Verifying the installation
Check the status of the DaemonSet and verify that all desired instances are in “ready” state:
$ kubectl --namespace kube-system get ds NAME DESIRED CURRENT READY NODE-SELECTOR AGE cilium 1 1 0 <none> 3s
In this example, we see a desired state of 1 with 0 being ready. This indicates
a problem. The next step is to list all cilium pods by matching on the label
k8s-app=cilium and also sort the list by the restart count of each pod to
easily identify the failing pods:
$ kubectl --namespace kube-system get pods --selector k8s-app=cilium \ --sort-by='.status.containerStatuses.restartCount' NAME READY STATUS RESTARTS AGE cilium-813gf 0/1 CrashLoopBackOff 2 44s
cilium-813gf is failing and has already been restarted 2 times. Let’s
print the logfile of that pod to investigate the cause:
$ kubectl --namespace kube-system logs cilium-813gf INFO _ _ _ INFO ___|_| |_|_ _ _____ INFO | _| | | | | | | INFO |___|_|_|_|___|_|_|_| INFO Cilium 0.8.90 f022e2f Thu, 27 Apr 2017 23:17:56 -0700 go version go1.7.5 linux/amd64 CRIT kernel version: NOT OK: minimal supported kernel version is >= 4.8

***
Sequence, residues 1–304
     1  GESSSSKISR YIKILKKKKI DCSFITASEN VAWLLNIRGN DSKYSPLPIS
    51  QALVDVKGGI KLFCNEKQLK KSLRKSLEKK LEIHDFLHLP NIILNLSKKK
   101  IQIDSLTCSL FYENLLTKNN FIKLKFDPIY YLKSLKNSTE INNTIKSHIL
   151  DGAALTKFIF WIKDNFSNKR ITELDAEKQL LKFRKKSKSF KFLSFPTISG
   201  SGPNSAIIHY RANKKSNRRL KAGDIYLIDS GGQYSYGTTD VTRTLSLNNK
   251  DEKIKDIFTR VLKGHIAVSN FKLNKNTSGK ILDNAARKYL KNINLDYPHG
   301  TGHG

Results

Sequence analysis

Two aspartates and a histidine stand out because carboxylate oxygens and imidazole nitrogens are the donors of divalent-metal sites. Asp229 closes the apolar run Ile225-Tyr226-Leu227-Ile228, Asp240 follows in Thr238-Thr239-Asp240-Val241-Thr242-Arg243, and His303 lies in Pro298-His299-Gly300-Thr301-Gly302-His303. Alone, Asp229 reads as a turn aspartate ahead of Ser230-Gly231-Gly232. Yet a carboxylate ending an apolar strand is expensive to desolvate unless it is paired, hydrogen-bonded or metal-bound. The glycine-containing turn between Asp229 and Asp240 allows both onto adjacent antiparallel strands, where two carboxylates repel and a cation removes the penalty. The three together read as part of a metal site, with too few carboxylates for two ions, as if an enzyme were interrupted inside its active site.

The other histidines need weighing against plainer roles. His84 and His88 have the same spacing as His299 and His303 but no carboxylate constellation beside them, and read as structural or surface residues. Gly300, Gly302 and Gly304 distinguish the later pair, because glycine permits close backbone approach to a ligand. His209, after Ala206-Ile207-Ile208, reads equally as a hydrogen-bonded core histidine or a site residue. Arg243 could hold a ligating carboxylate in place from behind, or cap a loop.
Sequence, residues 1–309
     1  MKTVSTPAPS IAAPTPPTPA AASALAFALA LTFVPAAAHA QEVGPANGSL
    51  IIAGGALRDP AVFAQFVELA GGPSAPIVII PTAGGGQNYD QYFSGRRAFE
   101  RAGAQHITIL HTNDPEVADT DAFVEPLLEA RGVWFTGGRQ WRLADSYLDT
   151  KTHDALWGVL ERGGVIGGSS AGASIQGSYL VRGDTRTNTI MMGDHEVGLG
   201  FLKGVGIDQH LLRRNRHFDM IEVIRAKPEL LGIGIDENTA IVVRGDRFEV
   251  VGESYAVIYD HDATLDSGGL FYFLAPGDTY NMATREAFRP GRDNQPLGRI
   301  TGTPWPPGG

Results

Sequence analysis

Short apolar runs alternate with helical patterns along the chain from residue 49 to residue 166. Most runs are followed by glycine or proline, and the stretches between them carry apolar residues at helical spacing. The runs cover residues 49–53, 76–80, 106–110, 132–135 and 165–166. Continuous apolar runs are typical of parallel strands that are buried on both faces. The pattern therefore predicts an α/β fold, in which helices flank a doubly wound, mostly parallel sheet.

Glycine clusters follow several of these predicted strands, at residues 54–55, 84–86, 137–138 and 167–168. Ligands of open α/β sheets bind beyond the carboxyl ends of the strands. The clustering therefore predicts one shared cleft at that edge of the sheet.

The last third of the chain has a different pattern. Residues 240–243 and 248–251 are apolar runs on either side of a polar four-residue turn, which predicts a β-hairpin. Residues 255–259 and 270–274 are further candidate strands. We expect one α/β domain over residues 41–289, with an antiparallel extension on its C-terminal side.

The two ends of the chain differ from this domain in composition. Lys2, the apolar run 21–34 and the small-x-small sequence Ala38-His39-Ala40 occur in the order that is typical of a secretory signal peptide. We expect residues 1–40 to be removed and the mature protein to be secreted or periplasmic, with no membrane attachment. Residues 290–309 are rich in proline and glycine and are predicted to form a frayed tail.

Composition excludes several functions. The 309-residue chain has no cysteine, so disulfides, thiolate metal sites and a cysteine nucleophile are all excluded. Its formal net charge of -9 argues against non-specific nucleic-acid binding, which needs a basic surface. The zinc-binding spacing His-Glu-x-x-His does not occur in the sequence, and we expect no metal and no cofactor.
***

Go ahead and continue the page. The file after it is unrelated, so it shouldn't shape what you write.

In this example, the cause for the failure is a Linux kernel running on the worker node which is not meeting System Requirements.
If the cause for the problem is not apparent based on these simple steps, please come and seek help on our Slack channel.
Apiserver outside of cluster
If you are running Kubernetes Apiserver outside of your cluster for some reason (like keeping master nodes behind a firewall), make sure that you run Cilium on master nodes too. Otherwise Kubernetes pod proxies created by Apiserver will not be able to route to pod IPs and you may encounter errors when trying to proxy traffic to pods.
You may run Cilium as a static pod or set tolerations for Cilium DaemonSet to ensure that Cilium pods will be scheduled on your master nodes. The exact way to do it depends on your setup.